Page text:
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The people of the revolution

Review of COWBOY IN CARACAS: A Personal Account of Venezuela’s Democratic Revolution. By Charles Hardy.

I first came across Charles Hardy when he was a reporter for the Venezuelan online news journal Vheadline, to which I was also an occasional contributor. What impressed me about Charlie’s writing was that unlike so many other journalists, he would always place the human being at the centre of the story. Later, when as co-editor of 21st Century Socialism I was looking for someone to be our (unpaid) Caracas correspondent, Charlie’s name immediately sprang to mind. Those who knew both of us might have thought this was a strange choice. Charlie is a former Catholic priest from Wyoming, USA, who lived for eight years as a missionary in the slums of Venezuela, whereas I am a confirmed atheist and a socialist. Yet Charlie is no ordinary Catholic (and I am not evangelical in my atheism).

He may not say so himself, but Charlie is from the tradition of ‘liberation theology’, a school of thought which links the emancipatory message of Christian teaching to the here and now, and not just to the promised land of the after-life. Liberation theology has a long and proud tradition in Latin America. A Brazilian Archbishop, Dom Hélder Câmara, once famously said: “When I give food to the poor, they call me a saint. When I ask why the poor have no food, they call me a communist.”

I suspect that Charles Hardy has been called a communist and a whole lot else besides, and when you read this book it is not hard to see why.

Cowboy in Caracas is a personal account of the momentous events that shook the Venezuelan elites out of their complacency and carefully-crafted delusions of social harmony, and propelled the downtrodden masses onto the centre stage of the 21st century. Charlie makes no attempt at a scholarly analysis of Venezuela’s Bolivarian Revolution, nor does the story revolve around Hugo Chavez as the epicenter of this political earthquake. Instead, this is the story of the people of the barrios who made the revolution, and with whom Charlie shared their lives, their disappointments and their dreams.

Beginning in 1985, when Charlie was first sent as a missionary to live in a shack in the Nueva Tacagua barrio (a slum on the periphery of Caracas), the reader is taken on a roller-coaster journey that encompasses the Caracazo massacre of impoverished citizens protesting against the IMF reforms, the insurrection that failed to topple those responsible for the killing, the election of Hugo Chavez to the presidency, the defeat of the US-supported coup and oil executives’ strike, and Chavez’s victory in the recall referendum.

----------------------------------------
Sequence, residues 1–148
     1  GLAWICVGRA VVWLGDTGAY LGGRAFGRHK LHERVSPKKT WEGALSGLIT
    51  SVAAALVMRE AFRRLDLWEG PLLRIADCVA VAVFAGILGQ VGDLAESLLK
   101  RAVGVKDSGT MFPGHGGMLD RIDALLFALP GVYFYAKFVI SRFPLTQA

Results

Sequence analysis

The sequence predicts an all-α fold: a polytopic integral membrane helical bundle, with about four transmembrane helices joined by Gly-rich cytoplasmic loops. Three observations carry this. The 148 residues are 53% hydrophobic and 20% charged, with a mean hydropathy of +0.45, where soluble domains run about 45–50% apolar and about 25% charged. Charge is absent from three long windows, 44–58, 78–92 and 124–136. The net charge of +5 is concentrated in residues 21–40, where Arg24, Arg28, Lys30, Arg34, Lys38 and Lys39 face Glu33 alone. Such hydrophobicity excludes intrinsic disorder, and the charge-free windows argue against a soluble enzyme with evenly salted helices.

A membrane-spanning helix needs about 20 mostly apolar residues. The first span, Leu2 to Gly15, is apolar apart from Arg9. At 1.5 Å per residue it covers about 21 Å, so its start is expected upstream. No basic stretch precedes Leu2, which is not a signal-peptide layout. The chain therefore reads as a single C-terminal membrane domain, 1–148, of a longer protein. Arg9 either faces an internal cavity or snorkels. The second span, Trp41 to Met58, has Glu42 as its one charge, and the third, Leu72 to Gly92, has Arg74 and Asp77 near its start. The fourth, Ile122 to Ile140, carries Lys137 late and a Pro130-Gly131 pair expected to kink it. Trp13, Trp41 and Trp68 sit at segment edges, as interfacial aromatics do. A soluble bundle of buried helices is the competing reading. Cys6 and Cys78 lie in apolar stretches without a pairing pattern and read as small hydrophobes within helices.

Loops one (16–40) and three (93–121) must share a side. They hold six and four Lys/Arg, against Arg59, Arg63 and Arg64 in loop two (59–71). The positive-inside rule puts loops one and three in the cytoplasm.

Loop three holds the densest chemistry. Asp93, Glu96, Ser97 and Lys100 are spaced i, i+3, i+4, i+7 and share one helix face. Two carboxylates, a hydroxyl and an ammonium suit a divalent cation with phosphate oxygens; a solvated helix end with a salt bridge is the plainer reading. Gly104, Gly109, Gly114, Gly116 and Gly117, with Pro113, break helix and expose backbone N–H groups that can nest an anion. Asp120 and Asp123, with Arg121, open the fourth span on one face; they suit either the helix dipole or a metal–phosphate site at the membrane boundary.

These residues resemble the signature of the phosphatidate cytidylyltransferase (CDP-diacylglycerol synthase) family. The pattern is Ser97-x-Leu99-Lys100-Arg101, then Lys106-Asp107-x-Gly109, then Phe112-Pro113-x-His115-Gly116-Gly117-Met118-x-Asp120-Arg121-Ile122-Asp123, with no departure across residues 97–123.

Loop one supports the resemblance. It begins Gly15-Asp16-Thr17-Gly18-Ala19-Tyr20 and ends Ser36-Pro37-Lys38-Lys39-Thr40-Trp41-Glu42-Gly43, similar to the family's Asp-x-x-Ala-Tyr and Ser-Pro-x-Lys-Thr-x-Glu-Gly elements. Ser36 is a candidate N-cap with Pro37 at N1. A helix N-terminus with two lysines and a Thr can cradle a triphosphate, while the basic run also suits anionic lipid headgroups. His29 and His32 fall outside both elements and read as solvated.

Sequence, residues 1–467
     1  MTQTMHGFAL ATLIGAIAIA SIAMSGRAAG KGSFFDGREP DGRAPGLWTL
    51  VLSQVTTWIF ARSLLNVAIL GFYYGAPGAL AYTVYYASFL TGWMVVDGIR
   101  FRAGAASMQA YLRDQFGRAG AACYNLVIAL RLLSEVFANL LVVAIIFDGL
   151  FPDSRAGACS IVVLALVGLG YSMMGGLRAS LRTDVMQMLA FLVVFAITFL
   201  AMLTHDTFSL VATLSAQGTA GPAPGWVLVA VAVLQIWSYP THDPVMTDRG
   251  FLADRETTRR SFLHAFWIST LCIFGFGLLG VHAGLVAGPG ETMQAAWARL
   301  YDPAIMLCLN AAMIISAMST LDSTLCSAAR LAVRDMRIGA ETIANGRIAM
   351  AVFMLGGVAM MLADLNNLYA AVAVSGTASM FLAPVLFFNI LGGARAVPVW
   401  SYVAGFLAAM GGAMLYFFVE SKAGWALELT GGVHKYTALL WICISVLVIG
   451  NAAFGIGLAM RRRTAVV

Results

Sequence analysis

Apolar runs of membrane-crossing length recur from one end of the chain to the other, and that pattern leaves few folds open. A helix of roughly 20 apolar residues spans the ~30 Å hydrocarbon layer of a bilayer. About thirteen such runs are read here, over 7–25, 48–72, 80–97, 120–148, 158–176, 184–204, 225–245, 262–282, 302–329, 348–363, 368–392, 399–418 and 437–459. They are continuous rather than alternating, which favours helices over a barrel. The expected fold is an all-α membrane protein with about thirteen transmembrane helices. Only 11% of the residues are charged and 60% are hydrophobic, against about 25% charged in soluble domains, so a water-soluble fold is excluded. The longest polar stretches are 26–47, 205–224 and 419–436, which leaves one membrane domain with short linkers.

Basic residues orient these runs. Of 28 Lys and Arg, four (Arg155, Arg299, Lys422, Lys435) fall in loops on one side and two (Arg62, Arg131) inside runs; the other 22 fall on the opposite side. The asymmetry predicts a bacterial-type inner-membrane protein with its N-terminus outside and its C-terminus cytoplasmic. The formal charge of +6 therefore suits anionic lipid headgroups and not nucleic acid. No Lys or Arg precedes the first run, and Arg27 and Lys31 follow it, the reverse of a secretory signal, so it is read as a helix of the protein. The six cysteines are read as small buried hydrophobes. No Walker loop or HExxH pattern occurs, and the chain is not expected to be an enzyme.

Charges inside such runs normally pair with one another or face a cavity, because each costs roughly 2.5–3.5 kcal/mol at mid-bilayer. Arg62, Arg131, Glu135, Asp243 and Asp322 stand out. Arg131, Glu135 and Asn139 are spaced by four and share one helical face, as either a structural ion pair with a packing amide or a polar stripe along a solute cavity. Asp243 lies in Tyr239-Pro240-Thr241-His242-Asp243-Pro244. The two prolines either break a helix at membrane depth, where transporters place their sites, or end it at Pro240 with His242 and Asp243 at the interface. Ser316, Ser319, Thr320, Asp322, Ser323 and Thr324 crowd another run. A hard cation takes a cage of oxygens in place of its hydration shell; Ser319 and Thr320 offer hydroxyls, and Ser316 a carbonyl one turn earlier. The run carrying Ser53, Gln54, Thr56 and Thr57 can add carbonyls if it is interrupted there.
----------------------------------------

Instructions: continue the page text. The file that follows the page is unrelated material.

At times fast-paced and at other times almost leisurely, Charlie’s unforgettable vignettes bring to life those whom the corporate media chooses to forget: the maid to a wealthy family who travels for hours to and from her cardboard shack each day to wait on them, the taxi driver who recounts hearing two well-dressed passengers saying they saw no value in teaching elderly people how to read and write, and the unemployed woman, hungry and homeless, who is “with Chavez to the end”.

Paradoxically, the weakest chapter of the book should have been its strongest. Charlie was in Austria visiting a relative when army generals kidnapped Chavez and briefly seized control. Unfortunately, Charlie’s absence means that his account of the 2002 coup lacks the vivid images and authenticity of personal experience that typifies the rest of the book.   However, the high quality of reportage elsewhere more than makes up for this unavoidable weakness. Long after I had finished the final chapter and closed the back cover, the sights, sounds and smells of the Nueva Tacagua barrio lingered on. And I was left with a deeper understanding of the poverty and injustice that led to the Venezuelan Revolution.

Charlie’s great strength as a writer is that he tells it as it is. He uses simple words and he writes without rancour, hate or sentimentality. The Venezuelans he describes are three-dimensional characters; you will find neither saints nor cardboard cut-out villains in this book. In the chapter on the Caracazo, Charlie recalls seeing a unit of soldiers shoot a man from his barrio and throw his body down the mountain. A few moments later, Charlie stumbles upon a soldier with an automatic weapon:

“No one was near him. I raised my arms in the air and said, ‘My name is Charlie. I am the priest here. The people here are good people.’ I asked him if he was from the barrio, and he replied that he was from the countryside and had been called into action the day before.

“I could see tears in his eyes as he looked at us. My neighbors began to gather behind me. I felt sorry for the young man and imagined how a youth from Cheyenne, Wyoming, would feel if he were suddenly dropped into the slums of a major US city, alone, having been told that it was one of the city’s most dangerous areas.

“Here he was, faced with men, women and children who probably looked like his own family. But I also knew that if someone threw a rock, he had the power to kill us all.”

More of an adventure story than a polemic, this book is a must for anyone who wishes to discover the human stories behind Hugo Chavez’s rise to power and the emergence of Venezuela as the revolutionary centre of the early 21st Century.

Suitable for the general reader, students, academics and opinion formers alike, the book smashes through the lazy journalistic stereotypes and disinformation campaigns of the corporate media. It opens a window to the Venezuela they would prefer you didn’t see.

Cowboy in Caracas is available from Curbstone Press at www.curbstone.org for $15 plus postage and packing. Major international credit cards accepted.